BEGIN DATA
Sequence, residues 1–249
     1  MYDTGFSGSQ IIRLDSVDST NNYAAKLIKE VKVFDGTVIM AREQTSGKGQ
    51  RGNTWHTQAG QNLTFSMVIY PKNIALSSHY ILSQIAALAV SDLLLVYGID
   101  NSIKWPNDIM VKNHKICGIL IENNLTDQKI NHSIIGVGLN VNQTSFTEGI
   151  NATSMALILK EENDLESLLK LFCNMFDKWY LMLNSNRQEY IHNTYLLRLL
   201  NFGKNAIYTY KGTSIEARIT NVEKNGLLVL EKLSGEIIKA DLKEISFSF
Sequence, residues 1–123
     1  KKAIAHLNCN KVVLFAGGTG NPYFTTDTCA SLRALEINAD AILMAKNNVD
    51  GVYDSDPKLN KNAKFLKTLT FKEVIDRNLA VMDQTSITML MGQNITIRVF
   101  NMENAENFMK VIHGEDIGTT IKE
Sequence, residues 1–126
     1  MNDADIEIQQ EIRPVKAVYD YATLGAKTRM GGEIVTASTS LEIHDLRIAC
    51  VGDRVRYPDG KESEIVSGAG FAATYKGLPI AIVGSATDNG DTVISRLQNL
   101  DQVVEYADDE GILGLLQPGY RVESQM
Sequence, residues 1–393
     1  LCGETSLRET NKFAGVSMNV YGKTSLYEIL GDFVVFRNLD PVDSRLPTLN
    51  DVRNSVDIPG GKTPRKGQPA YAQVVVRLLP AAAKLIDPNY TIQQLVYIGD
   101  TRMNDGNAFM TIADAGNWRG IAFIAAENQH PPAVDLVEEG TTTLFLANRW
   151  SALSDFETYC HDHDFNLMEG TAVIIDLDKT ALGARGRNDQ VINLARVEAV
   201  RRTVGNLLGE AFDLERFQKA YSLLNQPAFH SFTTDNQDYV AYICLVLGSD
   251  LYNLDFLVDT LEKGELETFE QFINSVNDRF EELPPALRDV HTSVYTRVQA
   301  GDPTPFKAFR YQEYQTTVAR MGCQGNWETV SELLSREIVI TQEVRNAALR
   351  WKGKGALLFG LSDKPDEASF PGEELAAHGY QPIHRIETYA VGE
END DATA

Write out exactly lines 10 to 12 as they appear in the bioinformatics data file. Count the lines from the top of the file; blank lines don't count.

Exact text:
   101  NMENAENFMK VIHGEDIGTT IKE
Sequence, residues 1–126
     1  MNDADIEIQQ EIRPVKAVYD YATLGAKTRM GGEIVTASTS LEIHDLRIAC